Blunt-talking former pulmonologist Dr. William W. McGuire calls the U.S. medical system "sub-optimal." Care isn't always state-of-the-art, and a patchwork of insurance programs can make payments mind-numbingly complex. By plugging some of the gaps, McGuire's UnitedHealth Group Inc (UNH ). has grown like kudzu. Its earnings have risen 26% annually for the past decade, and 2004 revenues should top $33.5 billion.
When McGuire took over in 1991, UnitedHealth was little more than a regional health-maintenance organization. By trying to offer something for every-body and identifying lucrative niches, McGuire, now 55, has turned it into one of the most diversified health-services companies. If you don't like the restrictions of an HMO plan, you can sign up for a preferred-provider organization. Belong to AARP? You can sign up for a special drug-discount card.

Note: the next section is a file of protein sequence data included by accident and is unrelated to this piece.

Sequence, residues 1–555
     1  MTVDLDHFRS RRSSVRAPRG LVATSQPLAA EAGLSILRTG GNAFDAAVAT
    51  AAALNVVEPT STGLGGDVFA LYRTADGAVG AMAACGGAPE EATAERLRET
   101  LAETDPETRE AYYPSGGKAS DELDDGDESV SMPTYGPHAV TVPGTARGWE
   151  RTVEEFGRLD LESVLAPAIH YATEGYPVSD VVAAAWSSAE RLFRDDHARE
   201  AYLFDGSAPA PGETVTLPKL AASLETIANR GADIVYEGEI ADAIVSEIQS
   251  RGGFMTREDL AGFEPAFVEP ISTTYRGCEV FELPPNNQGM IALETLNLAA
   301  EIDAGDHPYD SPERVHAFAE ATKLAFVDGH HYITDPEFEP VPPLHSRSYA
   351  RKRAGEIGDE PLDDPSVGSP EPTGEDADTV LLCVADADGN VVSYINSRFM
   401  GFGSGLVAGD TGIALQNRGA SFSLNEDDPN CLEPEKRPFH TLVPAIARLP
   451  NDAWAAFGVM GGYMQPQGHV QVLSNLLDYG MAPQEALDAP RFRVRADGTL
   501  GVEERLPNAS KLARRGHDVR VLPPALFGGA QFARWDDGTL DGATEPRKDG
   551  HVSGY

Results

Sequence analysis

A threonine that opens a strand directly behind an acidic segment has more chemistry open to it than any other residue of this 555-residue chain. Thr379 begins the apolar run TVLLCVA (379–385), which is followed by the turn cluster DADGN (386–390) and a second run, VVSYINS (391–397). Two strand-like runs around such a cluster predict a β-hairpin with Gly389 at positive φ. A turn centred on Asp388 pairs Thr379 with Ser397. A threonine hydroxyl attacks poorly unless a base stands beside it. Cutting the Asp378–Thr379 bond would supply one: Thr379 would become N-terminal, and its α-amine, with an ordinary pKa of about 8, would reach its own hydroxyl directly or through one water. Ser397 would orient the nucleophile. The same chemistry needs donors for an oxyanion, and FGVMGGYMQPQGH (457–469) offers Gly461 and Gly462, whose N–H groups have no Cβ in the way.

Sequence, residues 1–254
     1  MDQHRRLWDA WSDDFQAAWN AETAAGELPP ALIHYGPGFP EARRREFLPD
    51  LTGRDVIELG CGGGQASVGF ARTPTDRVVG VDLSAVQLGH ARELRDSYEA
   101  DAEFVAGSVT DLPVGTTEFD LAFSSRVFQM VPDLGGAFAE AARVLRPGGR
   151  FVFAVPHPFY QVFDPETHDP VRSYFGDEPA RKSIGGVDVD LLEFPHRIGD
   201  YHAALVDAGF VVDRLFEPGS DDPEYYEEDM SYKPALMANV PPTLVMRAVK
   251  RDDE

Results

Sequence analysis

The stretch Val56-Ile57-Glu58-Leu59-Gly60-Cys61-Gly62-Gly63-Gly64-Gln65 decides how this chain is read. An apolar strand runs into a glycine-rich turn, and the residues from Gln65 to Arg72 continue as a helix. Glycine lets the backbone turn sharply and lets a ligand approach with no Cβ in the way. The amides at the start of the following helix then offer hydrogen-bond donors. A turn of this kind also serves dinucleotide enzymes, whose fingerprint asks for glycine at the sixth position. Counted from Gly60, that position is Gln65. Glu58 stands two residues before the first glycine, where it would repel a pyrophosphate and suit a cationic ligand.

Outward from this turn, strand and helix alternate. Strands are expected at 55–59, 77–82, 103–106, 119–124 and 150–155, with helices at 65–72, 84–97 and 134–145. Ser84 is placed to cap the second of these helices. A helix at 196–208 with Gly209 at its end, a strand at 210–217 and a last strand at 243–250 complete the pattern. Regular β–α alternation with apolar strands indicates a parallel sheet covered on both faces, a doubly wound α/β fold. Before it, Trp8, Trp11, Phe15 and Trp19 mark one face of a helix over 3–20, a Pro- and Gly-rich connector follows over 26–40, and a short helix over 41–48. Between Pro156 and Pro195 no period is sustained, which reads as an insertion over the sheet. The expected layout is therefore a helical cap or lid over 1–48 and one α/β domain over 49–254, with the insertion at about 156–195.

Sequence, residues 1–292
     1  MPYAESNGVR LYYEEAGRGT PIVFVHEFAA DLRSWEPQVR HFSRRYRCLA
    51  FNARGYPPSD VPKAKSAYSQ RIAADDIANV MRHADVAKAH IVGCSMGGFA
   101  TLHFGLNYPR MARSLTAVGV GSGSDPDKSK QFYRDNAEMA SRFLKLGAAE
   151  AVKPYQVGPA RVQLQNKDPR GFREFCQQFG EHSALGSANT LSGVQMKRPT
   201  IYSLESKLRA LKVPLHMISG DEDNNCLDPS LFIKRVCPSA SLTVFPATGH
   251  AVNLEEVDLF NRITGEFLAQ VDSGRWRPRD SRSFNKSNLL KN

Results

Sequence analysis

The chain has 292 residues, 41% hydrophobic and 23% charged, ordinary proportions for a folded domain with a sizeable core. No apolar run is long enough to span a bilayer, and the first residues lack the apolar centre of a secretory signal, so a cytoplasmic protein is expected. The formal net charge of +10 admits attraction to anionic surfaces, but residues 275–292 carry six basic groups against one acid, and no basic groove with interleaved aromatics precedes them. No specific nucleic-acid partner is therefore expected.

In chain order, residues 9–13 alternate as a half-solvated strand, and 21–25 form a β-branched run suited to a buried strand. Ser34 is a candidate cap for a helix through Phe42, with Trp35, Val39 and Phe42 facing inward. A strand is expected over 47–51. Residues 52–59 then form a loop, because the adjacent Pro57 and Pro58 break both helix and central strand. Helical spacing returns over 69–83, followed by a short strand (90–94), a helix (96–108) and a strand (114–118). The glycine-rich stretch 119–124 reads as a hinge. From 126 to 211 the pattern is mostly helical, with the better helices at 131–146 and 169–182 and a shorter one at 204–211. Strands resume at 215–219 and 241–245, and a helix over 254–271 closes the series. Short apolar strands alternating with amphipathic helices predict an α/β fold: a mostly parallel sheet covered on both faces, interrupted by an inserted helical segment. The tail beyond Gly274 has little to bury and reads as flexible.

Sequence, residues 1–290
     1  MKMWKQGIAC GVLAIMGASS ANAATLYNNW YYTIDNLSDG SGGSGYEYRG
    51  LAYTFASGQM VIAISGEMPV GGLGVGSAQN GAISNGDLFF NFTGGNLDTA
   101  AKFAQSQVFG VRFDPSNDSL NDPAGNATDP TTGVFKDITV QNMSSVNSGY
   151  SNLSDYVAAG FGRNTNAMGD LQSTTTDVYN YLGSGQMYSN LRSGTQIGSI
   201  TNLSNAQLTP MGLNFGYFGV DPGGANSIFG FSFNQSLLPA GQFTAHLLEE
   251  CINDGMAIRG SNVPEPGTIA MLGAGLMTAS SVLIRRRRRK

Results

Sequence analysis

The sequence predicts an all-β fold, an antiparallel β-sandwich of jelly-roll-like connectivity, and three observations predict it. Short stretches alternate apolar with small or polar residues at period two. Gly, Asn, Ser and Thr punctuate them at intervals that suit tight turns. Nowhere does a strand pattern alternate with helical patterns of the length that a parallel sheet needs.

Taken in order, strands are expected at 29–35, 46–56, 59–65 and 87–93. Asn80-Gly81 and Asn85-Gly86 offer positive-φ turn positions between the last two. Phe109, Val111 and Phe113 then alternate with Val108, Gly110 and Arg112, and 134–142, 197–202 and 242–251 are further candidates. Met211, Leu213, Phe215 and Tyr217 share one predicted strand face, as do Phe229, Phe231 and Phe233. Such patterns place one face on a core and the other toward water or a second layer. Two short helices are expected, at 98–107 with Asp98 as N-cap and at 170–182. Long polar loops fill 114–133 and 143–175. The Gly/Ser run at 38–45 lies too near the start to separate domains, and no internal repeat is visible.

Growth may slow, though. The company expects a 33% earnings gain for 2003, to about $1.8 billion, but that could shrink to 22% in 2004 as cost-containment among its customers takes hold. Still, UnitedHealth is in the pink -- and likely to stay there.
-- A diverse portfolio of plans boosted UnitedHealth's customer base by almost 10%, to 50 million, securing its spot as the nation's biggest health-services company.
-- Set up a program to track cardiology centers of excellence, so that patients can find the best places for treatment.